is, on purpose, no lengthy head-quarter driven implementation process.


CargoAi team (l > r): Mathilde Rocquigny, Matt Petot, Francois-Xavier Gsell, Elena Volkova
CargoAi team (l > r): Mathilde Rocquigny, Matt Petot, Francois-Xavier Gsell, Elena Volkova


Will air cargo booking platforms follow the fate of passenger portals?
Of course, the aviation industry has seen a similar hype of booking platforms in the passenger segment, with the result that many carriers decided eventually to reserve the best ticket prices for
their exclusive company portals. Does Matthieu see similarities? From his point of view the similarities are limited. “There will be no exclusive availability of capacity through a single
” he elaborates. “Every carrier will be on every platform. The success of CargoAi and other platforms will be based on a simple equation: Does the value exceed costs?
Furthermore,” he rightly points out, “booking platforms like CargoAi help to standardize the booking process in the air cargo industry, and standardization of booking processes
drove the tremendous growth in the passenger business.

The new normal
When asked what he sees currently as major challenges and trends in the air cargo industry, i.e. the so called “new normal”, Matthieu moves to the impact of the upcoming Covid vaccine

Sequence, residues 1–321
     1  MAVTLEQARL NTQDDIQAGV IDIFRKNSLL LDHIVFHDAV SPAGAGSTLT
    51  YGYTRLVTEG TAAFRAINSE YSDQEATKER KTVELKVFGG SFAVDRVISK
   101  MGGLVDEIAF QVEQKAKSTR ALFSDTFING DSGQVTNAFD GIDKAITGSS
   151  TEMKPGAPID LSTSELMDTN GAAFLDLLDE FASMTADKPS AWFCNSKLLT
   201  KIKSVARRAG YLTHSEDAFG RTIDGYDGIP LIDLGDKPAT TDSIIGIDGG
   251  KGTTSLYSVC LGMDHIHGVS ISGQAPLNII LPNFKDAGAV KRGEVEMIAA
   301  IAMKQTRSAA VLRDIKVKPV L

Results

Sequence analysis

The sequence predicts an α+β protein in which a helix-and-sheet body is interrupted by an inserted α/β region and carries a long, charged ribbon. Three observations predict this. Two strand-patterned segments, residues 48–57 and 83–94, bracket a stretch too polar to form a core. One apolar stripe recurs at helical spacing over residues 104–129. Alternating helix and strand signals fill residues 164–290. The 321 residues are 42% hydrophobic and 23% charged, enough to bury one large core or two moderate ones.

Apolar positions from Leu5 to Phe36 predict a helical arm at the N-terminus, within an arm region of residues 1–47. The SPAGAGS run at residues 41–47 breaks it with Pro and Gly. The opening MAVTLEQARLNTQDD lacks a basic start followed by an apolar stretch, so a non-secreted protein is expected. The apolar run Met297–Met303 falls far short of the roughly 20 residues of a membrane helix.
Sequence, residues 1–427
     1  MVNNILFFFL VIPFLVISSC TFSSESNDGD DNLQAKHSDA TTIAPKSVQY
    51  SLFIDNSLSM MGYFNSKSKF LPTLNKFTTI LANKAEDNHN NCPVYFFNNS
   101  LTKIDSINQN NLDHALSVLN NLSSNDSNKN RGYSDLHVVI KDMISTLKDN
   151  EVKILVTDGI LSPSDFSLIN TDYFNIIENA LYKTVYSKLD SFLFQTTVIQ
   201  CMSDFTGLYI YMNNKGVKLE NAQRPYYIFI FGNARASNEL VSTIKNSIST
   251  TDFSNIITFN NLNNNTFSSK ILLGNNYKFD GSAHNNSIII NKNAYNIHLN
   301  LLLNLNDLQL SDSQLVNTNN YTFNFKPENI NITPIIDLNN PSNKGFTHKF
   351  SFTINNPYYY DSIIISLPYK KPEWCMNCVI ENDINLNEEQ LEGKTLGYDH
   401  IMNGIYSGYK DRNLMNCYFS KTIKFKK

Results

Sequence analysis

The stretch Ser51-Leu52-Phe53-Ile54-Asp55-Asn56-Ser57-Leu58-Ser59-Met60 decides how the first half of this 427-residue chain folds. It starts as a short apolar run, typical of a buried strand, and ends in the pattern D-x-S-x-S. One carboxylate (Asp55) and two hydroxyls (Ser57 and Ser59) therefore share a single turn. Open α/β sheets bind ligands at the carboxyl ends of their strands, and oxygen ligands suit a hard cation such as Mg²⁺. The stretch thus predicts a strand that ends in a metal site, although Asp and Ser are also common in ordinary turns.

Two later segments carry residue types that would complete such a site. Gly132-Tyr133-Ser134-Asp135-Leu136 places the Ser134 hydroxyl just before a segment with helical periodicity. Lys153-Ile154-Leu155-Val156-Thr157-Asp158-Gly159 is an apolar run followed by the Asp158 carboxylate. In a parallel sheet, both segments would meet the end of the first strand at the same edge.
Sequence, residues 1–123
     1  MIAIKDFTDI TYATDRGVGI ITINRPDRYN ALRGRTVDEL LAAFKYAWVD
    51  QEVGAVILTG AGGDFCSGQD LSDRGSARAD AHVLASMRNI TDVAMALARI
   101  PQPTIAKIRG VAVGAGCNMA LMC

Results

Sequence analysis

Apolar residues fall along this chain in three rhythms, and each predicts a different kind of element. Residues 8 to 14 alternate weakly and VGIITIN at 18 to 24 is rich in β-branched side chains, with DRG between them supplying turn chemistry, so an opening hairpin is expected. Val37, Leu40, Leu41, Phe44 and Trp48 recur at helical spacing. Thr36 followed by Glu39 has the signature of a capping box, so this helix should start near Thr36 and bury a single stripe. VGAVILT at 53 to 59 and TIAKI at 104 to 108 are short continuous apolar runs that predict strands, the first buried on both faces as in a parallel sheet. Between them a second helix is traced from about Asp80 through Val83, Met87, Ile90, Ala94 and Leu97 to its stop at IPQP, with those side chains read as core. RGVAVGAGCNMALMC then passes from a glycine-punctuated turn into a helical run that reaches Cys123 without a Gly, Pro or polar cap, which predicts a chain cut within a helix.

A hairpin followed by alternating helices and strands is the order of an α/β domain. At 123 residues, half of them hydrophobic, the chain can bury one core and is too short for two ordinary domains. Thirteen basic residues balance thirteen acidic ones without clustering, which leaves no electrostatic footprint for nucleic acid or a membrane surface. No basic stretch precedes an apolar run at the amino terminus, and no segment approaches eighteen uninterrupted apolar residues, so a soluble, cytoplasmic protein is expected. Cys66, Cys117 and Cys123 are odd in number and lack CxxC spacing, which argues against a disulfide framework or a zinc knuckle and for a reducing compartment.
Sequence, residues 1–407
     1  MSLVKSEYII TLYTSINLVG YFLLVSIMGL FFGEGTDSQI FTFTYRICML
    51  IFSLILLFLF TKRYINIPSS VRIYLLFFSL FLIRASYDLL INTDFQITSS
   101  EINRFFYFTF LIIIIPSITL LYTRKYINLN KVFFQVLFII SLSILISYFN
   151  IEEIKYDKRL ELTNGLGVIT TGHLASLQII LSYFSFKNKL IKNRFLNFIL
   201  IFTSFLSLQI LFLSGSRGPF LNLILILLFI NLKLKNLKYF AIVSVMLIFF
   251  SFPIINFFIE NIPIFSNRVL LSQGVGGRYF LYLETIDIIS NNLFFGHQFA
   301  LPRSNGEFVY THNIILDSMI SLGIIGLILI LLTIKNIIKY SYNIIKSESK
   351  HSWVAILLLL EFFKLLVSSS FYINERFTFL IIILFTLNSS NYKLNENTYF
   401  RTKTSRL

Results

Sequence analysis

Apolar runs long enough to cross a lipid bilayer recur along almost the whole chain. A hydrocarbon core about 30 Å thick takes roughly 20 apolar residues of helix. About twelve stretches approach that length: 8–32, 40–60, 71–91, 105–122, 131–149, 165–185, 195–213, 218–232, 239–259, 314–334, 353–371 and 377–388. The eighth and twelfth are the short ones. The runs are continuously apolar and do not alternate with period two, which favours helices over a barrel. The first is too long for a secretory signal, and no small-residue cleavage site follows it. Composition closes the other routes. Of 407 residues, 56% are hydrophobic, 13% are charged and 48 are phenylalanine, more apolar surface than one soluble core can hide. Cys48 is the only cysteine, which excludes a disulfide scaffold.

distribution on other air cargo supply chains. “In all likelihood, there will be temporary capacity bottlenecks,” he explains. “Something forwarders may want to resolve by signing
more block-space agreements, which, of course, will then influence the booking processes.
” As a last question, I asked Matthieu whether the company’s headquarter in Singapore offers a
competitive advantage over other locations, since APAC seems to go through a quicker market recovery than other parts of the world.  Matthieu believes that, in the short-term, it may be an
advantage, but in the long-term perspective, air cargo remains a global business and thus CargoAi’s success will be measured against its global performance.

Markus Flacke


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Source: Cargoforwarder